DiarrheaNearly everybody gets diarrhea every once in a while, and it's usually caused by gastrointestinal infections. It's nothing to be embarrassed about. Read this article to learn more.https://kidshealth.org/ws/RadyChildrens/en/teens/diarrhea.html/a6f9f493-2ca8-437a-b4bb-4909ac75b2fc
Food PoisoningDid you ever eat something that made you feel ooky? It might have been food poisoning.https://kidshealth.org/ws/RadyChildrens/en/kids/food-poisoning.html/0d519fd4-b93a-493c-8916-dea8923d5f22
Food Safety for Your FamilyWhy is food safety important? And how can you be sure your kitchen and the foods you prepare in it are safe?https://kidshealth.org/ws/RadyChildrens/en/parents/food-safety.html/0caf1e5d-2bda-4ba7-8855-560f9e30f791
Germs: Bacteria, Viruses, Fungi, and ProtozoaGerms are tiny organisms that can cause disease - and they're so small that they can creep into your system without you noticing. Find out how to protect yourself.https://kidshealth.org/ws/RadyChildrens/en/teens/care-about-germs.html/59b8feef-766a-4272-ac83-38140b1d176a
Hand Washing: Why It's So ImportantDid you know that the most important thing you can do to keep from getting sick is to wash your hands? If you don't wash your hands frequently, you can pick up germs from other sources and then infect yourself.https://kidshealth.org/ws/RadyChildrens/en/teens/handwashing.html/83630582-a0c6-4b77-97f9-6b26970fd4af
Salmonella InfectionsSalmonellosis is a foodborne illness caused by the bacteria salmonella. Symptoms include nausea, vomiting, abdominal cramps, diarrhea, fever, and headache.https://kidshealth.org/ws/RadyChildrens/en/parents/salmonellosis.html/fdb3d696-ad27-427b-84fc-8039b5218074
SepsisSepsis is a serious infection usually caused when bacteria make toxins that cause the immune system to attack the body's own organs and tissues.https://kidshealth.org/ws/RadyChildrens/en/parents/sepsis.html/ae008ddb-6b3a-494d-b020-cb6ccbbe8bcb
Staying Healthy While You TravelWhen you're traveling with your kids, there's a chance that someone might get sick. But early planning and smart packing can help ensure your family stays healthy and safe.https://kidshealth.org/ws/RadyChildrens/en/parents/family-travel.html/109b54ad-f945-4862-b3fa-473beaa33789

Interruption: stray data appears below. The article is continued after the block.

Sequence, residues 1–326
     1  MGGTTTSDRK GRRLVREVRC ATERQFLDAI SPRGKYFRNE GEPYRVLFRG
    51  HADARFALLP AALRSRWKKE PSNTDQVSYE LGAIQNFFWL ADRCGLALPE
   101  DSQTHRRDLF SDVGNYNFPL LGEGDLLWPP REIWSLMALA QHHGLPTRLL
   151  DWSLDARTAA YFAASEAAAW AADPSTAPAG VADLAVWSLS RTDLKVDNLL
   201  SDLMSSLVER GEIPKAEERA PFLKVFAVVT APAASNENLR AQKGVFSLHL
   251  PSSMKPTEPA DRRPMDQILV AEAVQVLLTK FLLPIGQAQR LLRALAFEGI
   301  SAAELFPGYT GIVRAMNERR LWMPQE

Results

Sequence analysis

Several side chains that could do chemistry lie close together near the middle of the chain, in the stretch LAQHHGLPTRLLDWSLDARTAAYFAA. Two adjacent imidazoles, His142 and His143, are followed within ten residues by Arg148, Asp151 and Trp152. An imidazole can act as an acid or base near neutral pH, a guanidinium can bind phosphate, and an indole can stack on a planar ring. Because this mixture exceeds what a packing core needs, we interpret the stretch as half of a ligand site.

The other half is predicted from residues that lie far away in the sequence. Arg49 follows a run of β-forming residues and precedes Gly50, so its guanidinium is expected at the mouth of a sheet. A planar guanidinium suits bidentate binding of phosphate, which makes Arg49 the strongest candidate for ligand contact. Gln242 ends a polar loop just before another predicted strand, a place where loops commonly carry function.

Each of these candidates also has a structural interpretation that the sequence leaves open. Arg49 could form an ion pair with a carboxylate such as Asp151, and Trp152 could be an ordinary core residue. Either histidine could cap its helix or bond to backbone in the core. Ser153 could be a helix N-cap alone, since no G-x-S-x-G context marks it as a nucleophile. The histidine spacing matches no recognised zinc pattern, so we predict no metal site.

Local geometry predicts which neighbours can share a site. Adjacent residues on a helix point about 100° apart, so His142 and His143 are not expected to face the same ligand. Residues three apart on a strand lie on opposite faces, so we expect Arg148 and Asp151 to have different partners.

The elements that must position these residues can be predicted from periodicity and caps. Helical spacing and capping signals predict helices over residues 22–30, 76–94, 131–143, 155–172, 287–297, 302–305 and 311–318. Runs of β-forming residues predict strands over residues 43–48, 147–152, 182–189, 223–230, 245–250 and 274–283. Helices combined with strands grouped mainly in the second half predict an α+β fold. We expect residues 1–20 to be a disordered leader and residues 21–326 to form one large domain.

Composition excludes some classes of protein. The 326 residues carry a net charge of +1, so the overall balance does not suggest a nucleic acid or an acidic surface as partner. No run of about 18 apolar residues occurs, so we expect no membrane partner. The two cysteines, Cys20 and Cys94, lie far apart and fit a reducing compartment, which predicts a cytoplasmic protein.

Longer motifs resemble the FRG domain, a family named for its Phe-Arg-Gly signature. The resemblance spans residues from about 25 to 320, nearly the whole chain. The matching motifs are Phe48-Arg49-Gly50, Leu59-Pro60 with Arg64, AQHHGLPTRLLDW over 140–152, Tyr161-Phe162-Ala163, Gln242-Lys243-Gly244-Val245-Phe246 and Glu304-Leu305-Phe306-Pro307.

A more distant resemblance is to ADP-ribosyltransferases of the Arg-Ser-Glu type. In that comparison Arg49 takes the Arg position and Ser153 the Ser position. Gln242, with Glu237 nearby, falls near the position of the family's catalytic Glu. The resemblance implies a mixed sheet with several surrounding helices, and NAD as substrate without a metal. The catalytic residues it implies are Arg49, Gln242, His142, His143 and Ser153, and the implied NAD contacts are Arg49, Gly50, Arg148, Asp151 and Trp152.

Stool TestsYour child's doctor may order a stool collection test to check for blood, bacteria, ova, or parasites. Find out how this test is performed and when you can expect the results.https://kidshealth.org/ws/RadyChildrens/en/parents/labtest8.html/74d5d87f-1ab7-4c11-a9bc-126a3da3e933
The 5-Second RuleDid you ever eat something off the floor? Uh-oh. Time to read this article for kids about the 5-second rule.https://kidshealth.org/ws/RadyChildrens/en/kids/5-seconds.html/df9f897f-fa47-4031-89cb-229adac6ce7e
What Are Germs?You know they can hurt you, but what are these invisible creatures? Find out in this article for kids.https://kidshealth.org/ws/RadyChildrens/en/kids/germs.html/cd877075-9d39-4c9a-b4f8-d67cb341050f
Why Do I Need to Wash My Hands?Washing your hands is the best way to stop germs from spreading. Learn all about the best way to wash your hands in this article for kids.https://kidshealth.org/ws/RadyChildrens/en/kids/wash-hands.html/ae19eff8-ac7c-44be-bd9f-b2efe6953f6d
kh:age-allAgesOrAgeAgnostickh:clinicalDesignation-infectiousDiseasekh:genre-articlekh:primaryClinicalDesignation-infectiousDiseaseParasitic Infections (Worms, Lice, etc.)https://kidshealth.org/ws/RadyChildrens/en/parents/infections/parasitic/6489d101-bb81-4fcf-ab14-b507a628cf66